The year I chucked conventional medicine

June 21, 2002

Looking for his personal Shangri-la, the author built himself a cabin in the woods and set up shop practicing energy medicine. Welcome to hell on earth.

The year I chucked conventional medicine

Looking for his personal Shangri-la, the author built himself a cabin in the woods and set up shop practicing energy medicine. Welcome to hell on earth.

By Kevin Patrick Baiko, MD
Family Physician/Woodstock, VA

By the end of my family medicine residency, I was fed up with my metropolitan consumer lifestyle and the whole "time is money, and money is God" robotic approach to life. I wanted to live in a peace-loving community that respected the earth and sprouted its own alfalfa—even at the risk of losing the perks of visits from the pharmaceutical industry's finest, with their neato pens and stress-relieving squeeze toys. It being 1999, I was also in the final stretch of my race of preparedness for whatever Y2K had in store for humanity.

So the day after completing my residency, I loaded up my SUV and left my home in Virginia. My journey took me just south of Pagosa Springs, CO, where a community was forming with the intention of self-sufficiency on 71 acres of wilderness near the Continental Divide.

The town already had a holistic healing arts center, where I could both practice my art—I'm trained in acupuncture and energy medicine—and wash my hair until I built my own place. I felt as if I had finally come home. (For the unenlightened, energy medicine is based upon the belief that changes in the "life force" of the body, including the electric, magnetic, and electromagnetic fields, affect health and promote healing.)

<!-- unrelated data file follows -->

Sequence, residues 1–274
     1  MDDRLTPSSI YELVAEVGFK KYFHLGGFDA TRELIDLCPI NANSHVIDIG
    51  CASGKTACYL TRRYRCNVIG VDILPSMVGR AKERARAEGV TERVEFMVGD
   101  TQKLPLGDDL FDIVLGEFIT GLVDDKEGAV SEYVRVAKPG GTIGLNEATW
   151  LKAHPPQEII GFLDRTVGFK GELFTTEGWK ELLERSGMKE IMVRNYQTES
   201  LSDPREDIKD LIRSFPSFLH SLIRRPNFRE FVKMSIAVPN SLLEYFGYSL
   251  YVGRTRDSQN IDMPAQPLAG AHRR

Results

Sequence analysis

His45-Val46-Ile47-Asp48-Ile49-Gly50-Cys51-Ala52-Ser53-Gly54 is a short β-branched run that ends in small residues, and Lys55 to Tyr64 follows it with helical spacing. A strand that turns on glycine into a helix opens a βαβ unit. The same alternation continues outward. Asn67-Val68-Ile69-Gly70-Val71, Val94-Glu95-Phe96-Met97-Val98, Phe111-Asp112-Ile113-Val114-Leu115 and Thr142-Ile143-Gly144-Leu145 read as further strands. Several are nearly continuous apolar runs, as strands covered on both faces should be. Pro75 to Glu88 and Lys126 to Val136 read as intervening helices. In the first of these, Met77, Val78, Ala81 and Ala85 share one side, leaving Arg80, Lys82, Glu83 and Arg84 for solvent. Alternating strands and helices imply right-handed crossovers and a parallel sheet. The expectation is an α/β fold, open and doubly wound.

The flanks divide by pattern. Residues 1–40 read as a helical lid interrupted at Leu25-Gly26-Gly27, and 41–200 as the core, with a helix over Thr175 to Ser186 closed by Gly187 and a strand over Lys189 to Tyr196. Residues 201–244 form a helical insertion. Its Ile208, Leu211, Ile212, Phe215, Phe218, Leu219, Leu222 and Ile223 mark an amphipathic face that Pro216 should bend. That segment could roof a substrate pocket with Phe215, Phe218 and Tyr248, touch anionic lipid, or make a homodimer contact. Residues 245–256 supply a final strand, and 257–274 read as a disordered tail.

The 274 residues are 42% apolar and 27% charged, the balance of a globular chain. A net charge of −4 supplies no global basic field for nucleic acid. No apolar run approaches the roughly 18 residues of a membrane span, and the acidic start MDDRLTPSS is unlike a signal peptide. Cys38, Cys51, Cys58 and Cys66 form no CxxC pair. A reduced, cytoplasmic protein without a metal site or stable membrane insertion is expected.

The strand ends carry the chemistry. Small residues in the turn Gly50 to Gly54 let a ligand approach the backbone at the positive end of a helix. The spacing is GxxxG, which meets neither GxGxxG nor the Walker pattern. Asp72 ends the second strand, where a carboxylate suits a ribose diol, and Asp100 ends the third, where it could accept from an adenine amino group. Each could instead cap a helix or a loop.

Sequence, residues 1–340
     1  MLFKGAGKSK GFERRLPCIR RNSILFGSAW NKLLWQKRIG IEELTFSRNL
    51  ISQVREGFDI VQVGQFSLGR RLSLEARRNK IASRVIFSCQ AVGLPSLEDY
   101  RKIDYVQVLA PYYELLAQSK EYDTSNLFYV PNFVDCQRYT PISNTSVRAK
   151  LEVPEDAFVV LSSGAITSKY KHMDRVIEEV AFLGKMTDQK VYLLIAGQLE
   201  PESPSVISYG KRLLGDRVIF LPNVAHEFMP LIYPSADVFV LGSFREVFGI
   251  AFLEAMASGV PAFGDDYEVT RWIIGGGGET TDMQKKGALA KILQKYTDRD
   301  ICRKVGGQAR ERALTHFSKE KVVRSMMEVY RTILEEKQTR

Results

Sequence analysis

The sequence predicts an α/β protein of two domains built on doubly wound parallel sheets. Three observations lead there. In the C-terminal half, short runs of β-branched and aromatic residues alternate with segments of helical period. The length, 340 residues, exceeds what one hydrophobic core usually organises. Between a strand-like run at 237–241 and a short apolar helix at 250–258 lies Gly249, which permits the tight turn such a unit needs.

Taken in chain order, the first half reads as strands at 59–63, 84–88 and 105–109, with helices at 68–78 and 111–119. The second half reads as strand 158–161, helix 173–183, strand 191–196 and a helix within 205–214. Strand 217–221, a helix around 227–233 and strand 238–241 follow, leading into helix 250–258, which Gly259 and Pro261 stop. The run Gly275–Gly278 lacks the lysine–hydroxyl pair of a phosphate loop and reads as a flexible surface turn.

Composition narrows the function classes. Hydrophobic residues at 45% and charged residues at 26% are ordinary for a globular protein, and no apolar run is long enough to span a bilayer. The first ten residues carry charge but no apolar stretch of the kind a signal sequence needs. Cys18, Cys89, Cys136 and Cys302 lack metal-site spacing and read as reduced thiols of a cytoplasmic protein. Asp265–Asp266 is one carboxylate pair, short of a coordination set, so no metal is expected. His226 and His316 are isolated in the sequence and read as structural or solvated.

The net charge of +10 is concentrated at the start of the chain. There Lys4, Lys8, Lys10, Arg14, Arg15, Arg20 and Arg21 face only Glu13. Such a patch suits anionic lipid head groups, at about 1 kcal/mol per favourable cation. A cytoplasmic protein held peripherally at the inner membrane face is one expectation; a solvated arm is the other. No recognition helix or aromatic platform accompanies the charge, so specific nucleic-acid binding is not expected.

My practice did well initially, but it nose-dived when the tourist season ended. Apparently, the locals didn't share my purist approach to healing. They informed me that they'd come back only if I prescribed standard pharmaceuticals. In mid-November, we decided to close the healing arts center. Still, I continued to live my dream. Ever the optimist, I didn't mind not having money, not even when my nifty SUV was repossessed. What value would green paper have in the wake of the Y2K apocalypse anyway?

Of course, money helps when you're trying to build a home, so my stepfather eventually came out to help me finance and build a humble cabin. (Apparently Mom had been uncomfortable with my plan to create winter lodging by pick-axing my way into the side of a ridge.)

After months of digging dirt, moving trees, cutting wood, and hammering my fingertips, I had something else to add to my resume: unskilled laborer. In December, with the new millennium just weeks away, I put the finishing touches on my 10-by-12-foot cabin, equipped with generator, wood-burning stove, running water, composting toilet, and acupuncture needles. I had a new massage-therapist girlfriend and six months' supply of rice, beans, dried fruit, canned foods, and rolled oats.

I felt as ready as any prophecy junkie could be for whatever earth changes, police states, or space vixens might come my way.

With all the work I'd been doing, however, my back began to bother me. A veteran of self-acupuncture, I finally decided enough was enough and unpacked my needles. Now, of all places to do acupuncture on oneself, the mid-back is perhaps the most challenging. But having an increasingly skinny frame, I managed to locate and deeply pique my "Ashi," or tender points. Lying on my belly with four needles sticking out of my back, I pulled a comforter over me to keep the crisp air away from whatever healing would happen underneath.

Unlike analgesics, which suppress the perception of pain, acupuncture is directed at removing the obstructions of energy flow. These obstructions are believed to cause the pain in the first place. But sometimes symptoms get worse before they get better.